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GenderPAC’s Implosion (2001)

GenderPAC’s Implosion (2001)

©2001, 2013 by Dallas Denny

Source: Denny, Dallas. (2001, Spring). A word from the editor: GenderPACs implosion. Transgender Tapestry, 93, p. 6.






See Related: We’re From GenderPAC: We’re Here to Help You


“I’m tired of the fact that 85% of the people calling the office are transgender people seeking help.”

—GPAC Managing Director Gina Reiss at GenderPAC board meeting, December 2000


A Word From the Editor

GenderPAC’s Implosion

By Dallas Denny


The editorial about GenderPAC which appears in this issue of Transgender Tapestry was my idea, and mine alone. I’d been toying with the idea of writing it for some time, but did not think IFGE, which takes a say-no-evil-about-others approach toward other organizations, would be happy with it. I finally decided the hell with it, and went ahead— and now I’m glad I did.

Days before I wrote this, in early December, the GenderPAC board met in Florida— and a more cynical, more dysfunctional meeting could hardly be imagined. The directors decided to give founding board chair Tony Barreto-Neto a commemorative plaque— but neutrally worded, and not until after it had been decided he would be forced from the board. The board gleefully played “the blame game,” with IFGE, Tony, and IFGE Board Chair and GenderPAC board member Julie Johnson being held responsible for the organization’s financial difficulties and its poor reputation in the transgender community. Unwilling to take responsibility for GenderPAC’s predicament, the board went after its dissidents. IFGE representative Carrie Davis, Julie, and Tony would have been canned then and there, had someone not pointed out the bylaws would not allow it.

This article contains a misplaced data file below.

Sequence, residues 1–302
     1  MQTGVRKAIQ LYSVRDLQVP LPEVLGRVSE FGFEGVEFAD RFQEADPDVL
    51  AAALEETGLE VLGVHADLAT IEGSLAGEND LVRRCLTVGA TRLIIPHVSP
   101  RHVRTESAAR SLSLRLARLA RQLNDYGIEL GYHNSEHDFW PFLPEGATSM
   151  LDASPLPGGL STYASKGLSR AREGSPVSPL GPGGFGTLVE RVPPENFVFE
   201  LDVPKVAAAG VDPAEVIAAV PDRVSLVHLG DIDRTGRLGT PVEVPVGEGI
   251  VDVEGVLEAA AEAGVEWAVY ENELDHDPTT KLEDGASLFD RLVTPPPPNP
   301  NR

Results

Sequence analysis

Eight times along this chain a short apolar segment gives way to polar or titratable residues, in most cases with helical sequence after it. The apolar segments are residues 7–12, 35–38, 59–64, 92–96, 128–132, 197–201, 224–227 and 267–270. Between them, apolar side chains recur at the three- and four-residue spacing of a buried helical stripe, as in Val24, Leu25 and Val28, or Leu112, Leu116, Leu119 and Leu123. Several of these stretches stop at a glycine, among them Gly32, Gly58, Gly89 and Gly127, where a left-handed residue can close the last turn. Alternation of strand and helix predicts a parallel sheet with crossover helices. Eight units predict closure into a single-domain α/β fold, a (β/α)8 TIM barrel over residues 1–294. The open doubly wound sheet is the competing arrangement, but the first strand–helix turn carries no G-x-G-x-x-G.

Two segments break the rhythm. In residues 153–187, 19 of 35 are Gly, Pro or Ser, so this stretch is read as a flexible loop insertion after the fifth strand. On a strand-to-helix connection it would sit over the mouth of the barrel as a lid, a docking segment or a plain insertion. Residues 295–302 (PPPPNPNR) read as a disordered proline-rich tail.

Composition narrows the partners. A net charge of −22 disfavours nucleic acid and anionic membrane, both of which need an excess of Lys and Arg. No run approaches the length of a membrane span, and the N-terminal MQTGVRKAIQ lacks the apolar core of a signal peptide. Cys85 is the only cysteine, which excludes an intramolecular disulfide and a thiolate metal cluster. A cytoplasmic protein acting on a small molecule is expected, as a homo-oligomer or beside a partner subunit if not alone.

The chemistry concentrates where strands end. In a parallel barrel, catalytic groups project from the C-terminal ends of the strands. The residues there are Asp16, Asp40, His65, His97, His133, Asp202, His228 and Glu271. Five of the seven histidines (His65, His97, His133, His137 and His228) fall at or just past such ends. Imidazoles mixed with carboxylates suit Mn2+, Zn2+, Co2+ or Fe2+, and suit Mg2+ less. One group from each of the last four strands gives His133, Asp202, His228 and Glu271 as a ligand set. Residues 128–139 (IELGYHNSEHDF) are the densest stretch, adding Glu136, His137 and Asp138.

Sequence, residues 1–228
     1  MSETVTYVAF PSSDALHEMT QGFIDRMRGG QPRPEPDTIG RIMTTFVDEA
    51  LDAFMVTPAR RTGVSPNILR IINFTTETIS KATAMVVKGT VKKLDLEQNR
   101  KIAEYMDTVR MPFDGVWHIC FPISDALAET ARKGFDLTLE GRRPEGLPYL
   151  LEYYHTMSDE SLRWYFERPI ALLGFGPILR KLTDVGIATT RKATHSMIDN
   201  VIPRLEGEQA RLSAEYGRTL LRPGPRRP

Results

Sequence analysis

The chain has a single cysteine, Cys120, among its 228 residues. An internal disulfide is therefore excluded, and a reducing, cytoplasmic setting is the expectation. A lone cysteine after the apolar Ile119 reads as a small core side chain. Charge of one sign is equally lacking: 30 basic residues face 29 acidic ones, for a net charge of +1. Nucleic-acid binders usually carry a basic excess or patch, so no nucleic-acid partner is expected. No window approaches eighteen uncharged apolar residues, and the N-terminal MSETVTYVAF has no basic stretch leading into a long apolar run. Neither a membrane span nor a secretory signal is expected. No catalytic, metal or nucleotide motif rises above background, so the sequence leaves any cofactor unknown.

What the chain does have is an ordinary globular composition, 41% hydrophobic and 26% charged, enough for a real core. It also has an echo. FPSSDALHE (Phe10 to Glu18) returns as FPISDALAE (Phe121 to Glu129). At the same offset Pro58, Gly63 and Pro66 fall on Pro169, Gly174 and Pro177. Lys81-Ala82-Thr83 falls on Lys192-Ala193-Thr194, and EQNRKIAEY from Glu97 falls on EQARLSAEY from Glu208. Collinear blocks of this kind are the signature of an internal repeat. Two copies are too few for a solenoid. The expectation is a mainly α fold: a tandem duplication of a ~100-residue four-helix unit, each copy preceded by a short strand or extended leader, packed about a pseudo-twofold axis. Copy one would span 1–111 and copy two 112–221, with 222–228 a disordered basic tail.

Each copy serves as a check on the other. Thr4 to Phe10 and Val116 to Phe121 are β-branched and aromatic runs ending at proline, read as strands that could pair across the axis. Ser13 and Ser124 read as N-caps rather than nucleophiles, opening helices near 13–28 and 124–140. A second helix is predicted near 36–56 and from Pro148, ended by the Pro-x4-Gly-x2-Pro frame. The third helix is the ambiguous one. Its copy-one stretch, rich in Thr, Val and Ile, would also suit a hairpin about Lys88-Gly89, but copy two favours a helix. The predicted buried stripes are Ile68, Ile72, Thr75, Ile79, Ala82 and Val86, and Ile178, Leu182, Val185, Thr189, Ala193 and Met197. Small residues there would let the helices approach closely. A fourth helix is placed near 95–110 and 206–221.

The board then went about proposing and in some case adopting draconian requirements for its board members. It seems pathological that an organization that has already had a spate of resignations from its board would spend its time devising new ways of getting smaller. The board also passed a requirement that its members may not be officers or employees of any other national progressive nonprofit organization without the approval of the Executive Committee (i.e, without a rubber stamp by Riki).

The board adopted a “vision statement”— “GenderPAC is a broad-based national organization, not based on any single identity, working to insure every American’s right to their gender. Gender is how we look, act or dress, or how others interpret our sex or sexual orientation”—specifically designed to exclude the word transgender. At one point, GPAC Managing Director Gina Reiss made this astonishing statement: “I’m tired of the fact that 85% of the people calling the office are transgender people seeking help.”

Amazingly, there was simultaneous discussion of how to wring more money out of the transgender community.

At one point, Julie Johnson expressed her concerns about GenderPAC’s new direction and excused herself from the remainder of the session. In an astonishing display of hubris, new board member Jen Foster (it was her first meeting) said to Julie, “You are not welcome on my board!”

The purge of the GenderPAC board is near completion. When Julie, Carrie, and Tony are gone, the board will consist entirely of Riki sycophants, transgendered poseurs out to make a name for themselves and willing to sell out their own community to do so, and nontransgendered newbies who won’t have a clue. In this new Harsh Realm, those who deviate from Riki’s realpolitik will be dealt with swiftly and severely.

GenderPAC has exited stage left from the transgender theater— but it still wants our money. What say, let’s not give it to them.